Western comic: EROS/PSYCHE Guest Review by Foxy Lady Ayame

January 7th, 2015

erospsycheBack in May, 2014, YNN Correspondent Niki S wrote in to tell us about a lesbian comic of interest.  I invited anyone who was planning on reading it to write about it and as a result, we’re starting off our Guest Review Wednesdays with today we have a brand new Guest Reviewer here at Okazu! I’d like you all to welcome Foxy Lady Ayame, Ayame will be taking a look at this interesting new European comic that is published by Norma Editorial.

Hello, I’m Foxy Lady Ayame from The Beautiful World, a blog dedicated to miscellaneous storytelling media and particularly in anime and manga.

Eros/Psyche (promotional video) by Maria Llovet is a mysterious comic about a small intern all-girl school. Maria Llovet makes the reader plunge into the cryptic world of “The Rose” through the eyes of Sara. There, fate has it, she’s lead by a scarf to meet Silje, the ‘key’ student. They swear loyalty to one another as blood sisters. She joins happily the bucolic life at the school with uncanny gothic rituals and the strict rules; she studies books written in codes and sits for exams that decide which student is going to have to leave.

Sara’s so absorbed in how free she feels and how close she is to Silje, that she doesn’t mull over the suicide of a classmate, or the need for ‘rebellion’ Vanna had, or her last words before she was expelled. Sara doesn’t notice another classmate, Tamlyn’s, budding feelings for a boy either, something that seems treasonous. And, despite the fact that The Chamber comes again and again to the forefront of events, Sara has no will to explore it further and acquiesces to Silje’s unwillingness to talk about it.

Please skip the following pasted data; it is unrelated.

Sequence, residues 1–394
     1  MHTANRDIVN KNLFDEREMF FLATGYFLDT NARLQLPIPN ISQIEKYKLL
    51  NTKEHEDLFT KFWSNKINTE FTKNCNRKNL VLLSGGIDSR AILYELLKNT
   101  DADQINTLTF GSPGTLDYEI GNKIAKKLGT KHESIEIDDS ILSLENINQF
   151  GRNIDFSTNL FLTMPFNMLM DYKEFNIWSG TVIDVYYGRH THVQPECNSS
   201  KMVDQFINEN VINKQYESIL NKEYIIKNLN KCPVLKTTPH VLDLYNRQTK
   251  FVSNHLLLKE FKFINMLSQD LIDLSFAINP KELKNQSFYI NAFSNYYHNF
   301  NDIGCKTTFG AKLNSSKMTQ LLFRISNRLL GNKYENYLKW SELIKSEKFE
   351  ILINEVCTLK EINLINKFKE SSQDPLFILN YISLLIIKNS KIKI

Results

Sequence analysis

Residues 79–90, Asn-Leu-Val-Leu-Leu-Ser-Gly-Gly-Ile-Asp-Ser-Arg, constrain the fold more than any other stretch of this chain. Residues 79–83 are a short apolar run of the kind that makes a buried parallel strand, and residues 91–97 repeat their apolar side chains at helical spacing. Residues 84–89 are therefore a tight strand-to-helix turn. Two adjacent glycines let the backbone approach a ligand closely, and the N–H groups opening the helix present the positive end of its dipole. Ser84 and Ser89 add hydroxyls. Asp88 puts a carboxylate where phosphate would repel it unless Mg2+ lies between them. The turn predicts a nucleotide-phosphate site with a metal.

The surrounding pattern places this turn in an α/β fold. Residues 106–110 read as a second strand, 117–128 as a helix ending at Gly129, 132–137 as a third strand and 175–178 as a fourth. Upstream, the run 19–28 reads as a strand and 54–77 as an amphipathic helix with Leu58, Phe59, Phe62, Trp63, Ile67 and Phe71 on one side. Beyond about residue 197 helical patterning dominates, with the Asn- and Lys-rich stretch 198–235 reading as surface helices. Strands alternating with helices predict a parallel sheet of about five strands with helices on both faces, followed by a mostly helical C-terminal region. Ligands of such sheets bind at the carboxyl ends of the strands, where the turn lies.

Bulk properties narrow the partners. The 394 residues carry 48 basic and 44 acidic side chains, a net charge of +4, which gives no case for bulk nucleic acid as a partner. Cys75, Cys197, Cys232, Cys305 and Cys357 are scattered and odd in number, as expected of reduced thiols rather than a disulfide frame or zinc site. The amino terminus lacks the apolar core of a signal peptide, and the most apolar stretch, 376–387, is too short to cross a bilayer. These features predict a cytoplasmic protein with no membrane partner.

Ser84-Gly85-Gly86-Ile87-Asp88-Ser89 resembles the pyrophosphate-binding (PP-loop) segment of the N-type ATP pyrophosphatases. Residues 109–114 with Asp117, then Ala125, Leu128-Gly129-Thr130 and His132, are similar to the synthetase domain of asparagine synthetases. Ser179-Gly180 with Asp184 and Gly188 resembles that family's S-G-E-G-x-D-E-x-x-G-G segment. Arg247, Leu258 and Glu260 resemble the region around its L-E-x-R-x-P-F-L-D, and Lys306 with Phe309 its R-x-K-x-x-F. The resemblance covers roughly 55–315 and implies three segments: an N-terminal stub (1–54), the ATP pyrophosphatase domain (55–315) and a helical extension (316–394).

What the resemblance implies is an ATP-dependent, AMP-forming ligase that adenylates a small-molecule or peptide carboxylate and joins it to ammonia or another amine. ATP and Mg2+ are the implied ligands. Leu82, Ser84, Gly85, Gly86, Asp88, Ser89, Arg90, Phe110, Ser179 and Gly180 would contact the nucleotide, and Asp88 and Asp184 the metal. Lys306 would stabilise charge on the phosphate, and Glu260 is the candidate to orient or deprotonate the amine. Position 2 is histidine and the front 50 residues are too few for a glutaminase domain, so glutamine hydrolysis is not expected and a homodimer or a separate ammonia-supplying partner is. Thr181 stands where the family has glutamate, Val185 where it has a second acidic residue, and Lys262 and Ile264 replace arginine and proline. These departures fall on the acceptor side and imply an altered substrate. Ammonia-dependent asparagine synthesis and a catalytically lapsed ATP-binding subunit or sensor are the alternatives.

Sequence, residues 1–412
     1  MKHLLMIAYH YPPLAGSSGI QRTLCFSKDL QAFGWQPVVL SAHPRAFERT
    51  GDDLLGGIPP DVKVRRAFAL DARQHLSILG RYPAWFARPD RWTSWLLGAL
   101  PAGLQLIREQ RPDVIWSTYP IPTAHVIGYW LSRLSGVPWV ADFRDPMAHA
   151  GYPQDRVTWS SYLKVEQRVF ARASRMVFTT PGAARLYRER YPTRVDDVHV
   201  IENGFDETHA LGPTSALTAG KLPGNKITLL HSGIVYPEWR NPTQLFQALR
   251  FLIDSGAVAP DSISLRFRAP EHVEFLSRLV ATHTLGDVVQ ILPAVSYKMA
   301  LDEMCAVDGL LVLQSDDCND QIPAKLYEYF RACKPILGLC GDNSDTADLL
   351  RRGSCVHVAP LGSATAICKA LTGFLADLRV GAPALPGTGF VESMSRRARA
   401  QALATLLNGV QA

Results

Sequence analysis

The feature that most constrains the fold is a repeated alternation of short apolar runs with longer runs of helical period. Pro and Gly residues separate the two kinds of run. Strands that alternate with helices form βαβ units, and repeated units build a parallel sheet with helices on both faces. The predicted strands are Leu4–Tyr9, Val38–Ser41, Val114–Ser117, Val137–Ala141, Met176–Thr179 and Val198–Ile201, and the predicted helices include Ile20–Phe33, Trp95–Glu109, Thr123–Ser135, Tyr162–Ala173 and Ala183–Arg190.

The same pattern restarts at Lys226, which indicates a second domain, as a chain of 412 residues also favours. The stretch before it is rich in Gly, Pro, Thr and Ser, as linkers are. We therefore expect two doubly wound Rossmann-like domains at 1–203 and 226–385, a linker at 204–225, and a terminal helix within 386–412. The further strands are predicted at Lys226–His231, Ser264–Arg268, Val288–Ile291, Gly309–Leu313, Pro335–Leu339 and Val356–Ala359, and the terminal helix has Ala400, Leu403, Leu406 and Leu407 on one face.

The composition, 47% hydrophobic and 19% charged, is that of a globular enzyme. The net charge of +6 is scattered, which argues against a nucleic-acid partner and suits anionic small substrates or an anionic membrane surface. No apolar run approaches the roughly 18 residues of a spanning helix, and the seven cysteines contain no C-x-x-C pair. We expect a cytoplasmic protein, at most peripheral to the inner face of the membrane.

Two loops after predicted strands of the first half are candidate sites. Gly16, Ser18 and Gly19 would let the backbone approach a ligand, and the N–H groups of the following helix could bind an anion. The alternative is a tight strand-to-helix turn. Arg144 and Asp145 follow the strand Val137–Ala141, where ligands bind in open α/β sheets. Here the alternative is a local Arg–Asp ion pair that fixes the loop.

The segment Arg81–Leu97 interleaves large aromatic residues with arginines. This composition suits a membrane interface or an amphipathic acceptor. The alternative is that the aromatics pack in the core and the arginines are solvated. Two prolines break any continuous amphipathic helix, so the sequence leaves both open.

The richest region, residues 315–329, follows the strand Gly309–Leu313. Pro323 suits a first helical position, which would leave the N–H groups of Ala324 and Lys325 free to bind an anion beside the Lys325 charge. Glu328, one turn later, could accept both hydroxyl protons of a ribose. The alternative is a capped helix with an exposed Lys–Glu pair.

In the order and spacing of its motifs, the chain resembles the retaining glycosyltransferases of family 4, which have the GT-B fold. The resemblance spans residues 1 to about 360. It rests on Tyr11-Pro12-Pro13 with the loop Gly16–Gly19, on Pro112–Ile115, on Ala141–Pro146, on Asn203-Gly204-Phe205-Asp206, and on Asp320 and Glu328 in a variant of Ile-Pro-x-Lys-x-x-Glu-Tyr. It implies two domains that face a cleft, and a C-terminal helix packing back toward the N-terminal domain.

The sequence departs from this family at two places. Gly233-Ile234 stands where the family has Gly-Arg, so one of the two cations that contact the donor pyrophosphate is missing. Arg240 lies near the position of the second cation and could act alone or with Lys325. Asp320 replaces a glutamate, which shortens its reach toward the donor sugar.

New students come and go throughout the year. Silje reciprocates Sara’s feelings. By the last months of the year, only these two remain, until it’s time for the last test. Sara wakes up to find Silje departing suddenly. Silje tells Sara that she’s the next key student, gives her a guide book, apologizes and says her goodbyes. Perhaps they’ll meet again like Eros and Psyche in the Greek myth Silje tells Sara.

I bought and read the German edition by Tokyopop, which has a striking pink cover with the glossy figures of the main characters on the front and a smaller grey-ghostly version of this on the back cover. The whole comic is in black and white but otherwise it doesn’t remind one of manga very much. As a result, I wonder why it got the bronze medal in the 6th International Manga Award. It has some influences from Revolutionary Girl Utena and S-Class Yuri manga, but that’s it. The atmosphere is wonderfully eerie with the abandoned buildings, the creepy dolls and symbolic scissors. The panels are almost always rectangles, which had me doubting the artist’s talent, but they work well, giving off a cinematic or stop-motion experience.

Unfortunately, the ending is open and leaves the reader with more questions than answers. In her blog, Llovet expresses her desire to continue the story, but we don’t know anything certain yet.

Art: 8
Story: 7
Characters: 6, there’s small fluctuation in feelings
Yuri/Lesbian: 7